India’s 100 Smart Cities initiative recognizes the country’s growing metropolitan areas as a frontier for opportunity. Unfortunately, the inability of municipal governments to lead may be the greatest barrier to unlocking their full potential.

Within India’s federalist system of central, state and municipal government, states exercise considerable power in local urban development, resulting in inefficiencies and limited municipal capacity. Addressing these structural problems and leadership shortcomings is of utmost importance for the three cities participating in the U.S.-India Smart Cities partnership—Ajmer, Allahabad, and Visakhapatnam—and beyond.

India’s democracy is historically characterized by centralized decision-making. While a 1993 constitutional amendment called for a transfer of power from state to municipal governments, progress is slow and cities continue to depend on state governments for local leadership. In some cities, state-appointed executives wield supreme decision-making authority. Due to a combination of poor recordkeeping, lack of political will, and weak administrative capacity, localities also struggle to collect property taxes. This reliance on states for revenue creates a cycle of dependency and only further reinforces state power in those communities.

These governance challenges are especially acute around physical infrastructure. Management responsibility is inconsistent, with waste management a municipal responsibility and community planning and water supply often under the purview of state ministries. State-led urban planning is regarded as opaque and ineffective and can be limited in scope, overlooking important infrastructure development needs, project financing, and the relationship between land use and transportation. For example, unbuilt land on the metropolitan fringe receives prioritized new construction, at the expense of improving infrastructure and urban design in existing neighborhoods.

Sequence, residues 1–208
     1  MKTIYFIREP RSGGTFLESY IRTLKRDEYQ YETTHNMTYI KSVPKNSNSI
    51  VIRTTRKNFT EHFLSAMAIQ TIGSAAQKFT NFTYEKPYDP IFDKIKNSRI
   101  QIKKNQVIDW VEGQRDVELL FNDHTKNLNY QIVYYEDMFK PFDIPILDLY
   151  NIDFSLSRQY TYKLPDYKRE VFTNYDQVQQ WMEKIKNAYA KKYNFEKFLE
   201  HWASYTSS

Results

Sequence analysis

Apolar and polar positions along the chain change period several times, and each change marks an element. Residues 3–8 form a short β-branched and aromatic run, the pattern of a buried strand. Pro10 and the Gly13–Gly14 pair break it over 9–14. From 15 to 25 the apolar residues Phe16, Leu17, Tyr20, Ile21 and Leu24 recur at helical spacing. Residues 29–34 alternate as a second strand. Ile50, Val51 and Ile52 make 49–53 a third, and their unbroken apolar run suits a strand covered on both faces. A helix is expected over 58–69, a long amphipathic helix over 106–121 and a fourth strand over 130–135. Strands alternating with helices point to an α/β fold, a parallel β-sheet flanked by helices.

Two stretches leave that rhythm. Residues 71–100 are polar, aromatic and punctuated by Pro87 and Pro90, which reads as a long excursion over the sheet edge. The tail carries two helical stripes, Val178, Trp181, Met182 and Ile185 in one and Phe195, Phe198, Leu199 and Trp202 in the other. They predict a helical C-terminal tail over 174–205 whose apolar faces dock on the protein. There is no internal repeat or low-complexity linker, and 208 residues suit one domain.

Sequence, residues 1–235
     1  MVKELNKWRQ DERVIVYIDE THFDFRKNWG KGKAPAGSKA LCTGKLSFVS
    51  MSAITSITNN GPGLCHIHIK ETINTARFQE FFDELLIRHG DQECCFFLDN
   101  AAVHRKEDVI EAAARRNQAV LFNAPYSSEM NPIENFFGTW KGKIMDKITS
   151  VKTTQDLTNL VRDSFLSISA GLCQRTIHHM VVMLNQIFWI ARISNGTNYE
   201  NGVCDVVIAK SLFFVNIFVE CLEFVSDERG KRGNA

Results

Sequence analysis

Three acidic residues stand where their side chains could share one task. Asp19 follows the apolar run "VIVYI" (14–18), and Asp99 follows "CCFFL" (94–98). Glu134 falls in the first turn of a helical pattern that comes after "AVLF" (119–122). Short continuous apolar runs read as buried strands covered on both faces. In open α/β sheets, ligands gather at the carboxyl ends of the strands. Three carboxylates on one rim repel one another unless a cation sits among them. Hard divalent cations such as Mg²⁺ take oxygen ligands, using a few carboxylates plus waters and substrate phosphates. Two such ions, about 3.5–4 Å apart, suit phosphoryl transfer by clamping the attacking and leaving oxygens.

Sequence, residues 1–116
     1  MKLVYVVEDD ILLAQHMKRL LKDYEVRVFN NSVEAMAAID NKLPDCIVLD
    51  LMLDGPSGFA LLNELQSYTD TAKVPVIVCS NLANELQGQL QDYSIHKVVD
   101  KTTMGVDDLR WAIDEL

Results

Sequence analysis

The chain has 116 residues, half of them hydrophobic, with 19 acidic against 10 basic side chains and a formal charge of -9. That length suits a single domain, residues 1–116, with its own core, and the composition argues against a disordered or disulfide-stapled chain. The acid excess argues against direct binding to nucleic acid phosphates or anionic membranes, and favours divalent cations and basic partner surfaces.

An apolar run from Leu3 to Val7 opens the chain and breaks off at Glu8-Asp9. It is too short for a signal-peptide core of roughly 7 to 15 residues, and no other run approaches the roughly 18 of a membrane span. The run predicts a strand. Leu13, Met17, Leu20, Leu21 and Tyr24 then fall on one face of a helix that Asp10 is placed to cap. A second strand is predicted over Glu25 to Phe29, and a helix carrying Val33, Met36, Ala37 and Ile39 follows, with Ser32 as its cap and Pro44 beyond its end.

These governance issues matter tremendously when it comes to the emerging concept of smart cities. New technologies alone cannot address India’s urban challenges. While cutting-edge digital products tend to capture the public’s imagination, the real engine of these future-looking concepts is a local government that knows how to execute a plan. Yet in many ways, India’s municipal governments are too disconnected from local decisionmaking and execution.